August 1948 – Calcutta, India: After years of looking over the wall at the filth and poverty in the streets beyond, she could no longer ignore what she saw. She resigned as principal of St. Mary’s High School for girls to work with the poor. She knew it wouldn’t be easy, but she had no idea just how difficult and discouraging the work would be.
Agnes Gonxha Bojaxjiu was born in Skopje, Yugoslavia, in 1910. Her father died when she was 7, leaving her mother to raise three children. Much of her early life revolved around the church. At age 18, she joined the Sisters of Loreto convent in Dublin, Ireland and never saw her mother again.
A year later, Bojaxjiu was sent to the Sisters of Loreto mission in Darjeeling, India. In 1931 she took her vows and chose the name Teresa. She wanted to be named after St. Therese of Lisieux – the patron saint of missionaries. Small and shy, Sister Teresa began her career as a history and geography teacher at St. Mary’s. In 1937 she took her final vows becoming Mother Teresa and in 1944 she was promoted to principal of the school.
St. Mary’s, an exclusive school for girls from the wealthier casts, was separated from the worst slum in Calcutta by only the convent wall. Although Mother Teresa loved her teaching career, she was burdened by what she saw in the slums. In 1946, while riding on a train, God confirmed what she had been feeling for a long time – she was to leave the convent, live among the poor and help them.
Mother Teresa’s decision was met with resistance. After unsuccessfully trying to get her to change her mind, the Sisters of Loreto finally released her. Then she had to gain approval from the Archbishop of Calcutta to serve the people as an independent nun. When she asked the Vatican for permission to start a new Catholic order to support her work she was refused. Undeterred, Mother Teresa rented a small hut and struck out on her own without the Church’s support.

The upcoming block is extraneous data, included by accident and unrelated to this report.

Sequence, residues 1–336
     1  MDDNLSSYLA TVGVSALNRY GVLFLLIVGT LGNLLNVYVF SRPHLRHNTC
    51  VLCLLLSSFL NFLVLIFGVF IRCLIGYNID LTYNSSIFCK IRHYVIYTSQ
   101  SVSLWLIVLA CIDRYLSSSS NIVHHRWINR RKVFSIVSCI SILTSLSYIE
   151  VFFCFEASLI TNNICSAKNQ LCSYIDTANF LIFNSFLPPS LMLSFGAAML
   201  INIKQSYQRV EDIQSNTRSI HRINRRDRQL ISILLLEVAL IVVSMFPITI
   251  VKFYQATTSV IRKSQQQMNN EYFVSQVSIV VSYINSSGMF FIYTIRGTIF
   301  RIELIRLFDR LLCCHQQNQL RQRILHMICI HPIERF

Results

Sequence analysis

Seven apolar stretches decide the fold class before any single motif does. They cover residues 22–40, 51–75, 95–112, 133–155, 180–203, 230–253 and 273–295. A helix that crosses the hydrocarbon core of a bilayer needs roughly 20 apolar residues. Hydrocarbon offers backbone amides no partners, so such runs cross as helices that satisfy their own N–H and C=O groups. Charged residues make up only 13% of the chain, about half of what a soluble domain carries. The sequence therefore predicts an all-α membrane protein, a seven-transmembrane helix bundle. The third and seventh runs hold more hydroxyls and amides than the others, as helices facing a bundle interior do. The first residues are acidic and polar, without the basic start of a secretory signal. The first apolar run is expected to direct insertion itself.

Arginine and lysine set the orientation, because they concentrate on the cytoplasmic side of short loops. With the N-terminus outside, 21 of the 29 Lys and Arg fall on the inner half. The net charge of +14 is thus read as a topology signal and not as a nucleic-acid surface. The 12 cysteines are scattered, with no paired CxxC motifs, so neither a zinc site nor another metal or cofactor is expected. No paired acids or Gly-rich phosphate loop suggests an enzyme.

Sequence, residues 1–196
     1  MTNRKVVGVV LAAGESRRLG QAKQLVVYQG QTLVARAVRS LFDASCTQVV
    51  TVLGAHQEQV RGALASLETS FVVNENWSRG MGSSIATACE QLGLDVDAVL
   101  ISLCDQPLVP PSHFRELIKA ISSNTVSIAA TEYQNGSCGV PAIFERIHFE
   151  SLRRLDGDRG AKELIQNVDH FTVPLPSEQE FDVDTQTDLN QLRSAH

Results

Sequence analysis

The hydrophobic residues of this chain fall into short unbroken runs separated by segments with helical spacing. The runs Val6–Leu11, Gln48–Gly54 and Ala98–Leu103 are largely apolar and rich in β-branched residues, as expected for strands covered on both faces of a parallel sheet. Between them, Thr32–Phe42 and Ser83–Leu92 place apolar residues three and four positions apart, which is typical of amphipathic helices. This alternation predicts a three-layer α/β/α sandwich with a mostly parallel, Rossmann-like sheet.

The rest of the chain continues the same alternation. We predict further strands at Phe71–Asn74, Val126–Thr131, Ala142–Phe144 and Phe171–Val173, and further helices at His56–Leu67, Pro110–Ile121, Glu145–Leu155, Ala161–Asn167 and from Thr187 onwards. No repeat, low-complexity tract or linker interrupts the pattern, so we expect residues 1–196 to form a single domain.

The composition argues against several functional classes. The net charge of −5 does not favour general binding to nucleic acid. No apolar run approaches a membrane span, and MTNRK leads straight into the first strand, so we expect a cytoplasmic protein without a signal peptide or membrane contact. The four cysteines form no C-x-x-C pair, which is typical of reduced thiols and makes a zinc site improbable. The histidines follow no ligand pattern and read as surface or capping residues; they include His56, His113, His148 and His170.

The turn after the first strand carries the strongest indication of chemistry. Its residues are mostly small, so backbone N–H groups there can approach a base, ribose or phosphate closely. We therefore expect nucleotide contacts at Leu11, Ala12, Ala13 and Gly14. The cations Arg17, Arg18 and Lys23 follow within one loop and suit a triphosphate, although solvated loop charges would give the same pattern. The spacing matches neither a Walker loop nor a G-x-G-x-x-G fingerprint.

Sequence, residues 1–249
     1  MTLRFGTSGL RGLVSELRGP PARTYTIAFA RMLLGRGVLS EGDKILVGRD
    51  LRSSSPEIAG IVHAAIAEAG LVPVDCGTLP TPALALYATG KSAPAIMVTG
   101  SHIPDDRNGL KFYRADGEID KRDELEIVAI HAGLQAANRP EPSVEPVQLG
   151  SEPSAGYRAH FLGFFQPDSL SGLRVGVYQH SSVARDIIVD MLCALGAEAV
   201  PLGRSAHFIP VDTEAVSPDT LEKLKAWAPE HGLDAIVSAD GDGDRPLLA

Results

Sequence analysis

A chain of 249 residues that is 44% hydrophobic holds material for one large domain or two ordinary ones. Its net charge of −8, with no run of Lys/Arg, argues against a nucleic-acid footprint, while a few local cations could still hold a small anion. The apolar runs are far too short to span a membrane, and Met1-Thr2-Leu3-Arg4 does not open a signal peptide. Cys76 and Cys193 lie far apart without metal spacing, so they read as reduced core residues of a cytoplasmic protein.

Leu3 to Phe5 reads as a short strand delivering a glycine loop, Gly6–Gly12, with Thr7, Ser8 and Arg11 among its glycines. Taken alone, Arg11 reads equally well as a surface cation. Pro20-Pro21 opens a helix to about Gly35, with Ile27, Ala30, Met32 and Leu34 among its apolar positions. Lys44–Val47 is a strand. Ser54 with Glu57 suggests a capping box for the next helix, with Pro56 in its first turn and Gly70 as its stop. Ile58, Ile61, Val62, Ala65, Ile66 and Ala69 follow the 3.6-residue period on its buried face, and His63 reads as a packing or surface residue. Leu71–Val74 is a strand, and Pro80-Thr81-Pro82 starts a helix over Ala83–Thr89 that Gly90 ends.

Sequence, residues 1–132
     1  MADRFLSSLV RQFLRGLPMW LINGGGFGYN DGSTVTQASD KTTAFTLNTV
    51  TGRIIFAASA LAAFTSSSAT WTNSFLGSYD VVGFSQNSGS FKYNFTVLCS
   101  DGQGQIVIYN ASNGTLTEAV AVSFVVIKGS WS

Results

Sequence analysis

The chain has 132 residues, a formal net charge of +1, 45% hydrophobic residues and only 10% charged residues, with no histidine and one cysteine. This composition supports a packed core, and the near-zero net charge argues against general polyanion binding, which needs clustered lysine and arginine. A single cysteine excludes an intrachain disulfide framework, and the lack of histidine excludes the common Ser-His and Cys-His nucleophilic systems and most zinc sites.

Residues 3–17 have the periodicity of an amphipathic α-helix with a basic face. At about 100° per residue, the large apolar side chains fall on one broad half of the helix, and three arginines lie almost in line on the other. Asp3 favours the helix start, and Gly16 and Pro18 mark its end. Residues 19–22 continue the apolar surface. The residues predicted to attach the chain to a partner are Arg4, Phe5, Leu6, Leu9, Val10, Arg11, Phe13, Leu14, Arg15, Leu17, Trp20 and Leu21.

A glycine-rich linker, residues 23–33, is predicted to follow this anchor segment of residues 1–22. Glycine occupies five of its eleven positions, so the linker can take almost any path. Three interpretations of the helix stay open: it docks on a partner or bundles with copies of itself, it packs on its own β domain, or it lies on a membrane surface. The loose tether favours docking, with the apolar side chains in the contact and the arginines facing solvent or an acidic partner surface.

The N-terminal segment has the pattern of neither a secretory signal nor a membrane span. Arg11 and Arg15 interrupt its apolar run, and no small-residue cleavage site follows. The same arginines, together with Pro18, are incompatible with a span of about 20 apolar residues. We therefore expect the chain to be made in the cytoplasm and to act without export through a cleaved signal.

The project was more difficult than she imagined. During her moments of doubt and loneliness, she considered returning to St. Mary’s. With little support, she begged for money, food and supplies. Her confidence that she was called by God to do this work was all that kept her going during the tough times.
It took Mother Teresa two years, but in October 1950, she gained Pope Pius XII’s approval to start the Missionaries of Charity Order to support her work among the despised Dalit people. The lowest of the low in one of the world’s poorest countries, Dalits were not recognized in the Hindu caste system. Their plight in society was to clean toilets, sewers and remove dead animals from the streets. Because of church support, money and resources began to arrive and local volunteers, inspired by Mother Teresa’s love and tenacity, joined the cause.
For almost 50 years, Mother Teresa faithfully served in the Calcutta slums. In 1979, when she won the Nobel Prize for her humanitarian efforts, she skipped the ceremonial banquet and then donated the $200,000 award to the mission. In 1997, at the time of her death, the Missionaries of Charity Order had more than one million volunteers serving the poorest of the poor in 610 missions through-out North and Central America, Asia and Africa.
Gallup’s 1999 Survey determined Mother Teresa was the Most Admired Person of the 20th century. Rather than choosing someone rich, famous or powerful, a five-foot nun captured the hearts and minds of the world while living out her calling to help the poor. In 2016, the Roman Catholic Church canonized Mother Teresa as Saint Teresa.
“The good you do today may be forgotten tomorrow. Do good anyway. Give the world the best you have and it may never be enough. Give your best anyway. For you see, in the end, it is between you and God. It was never between you and them anyway.” Mother Teresa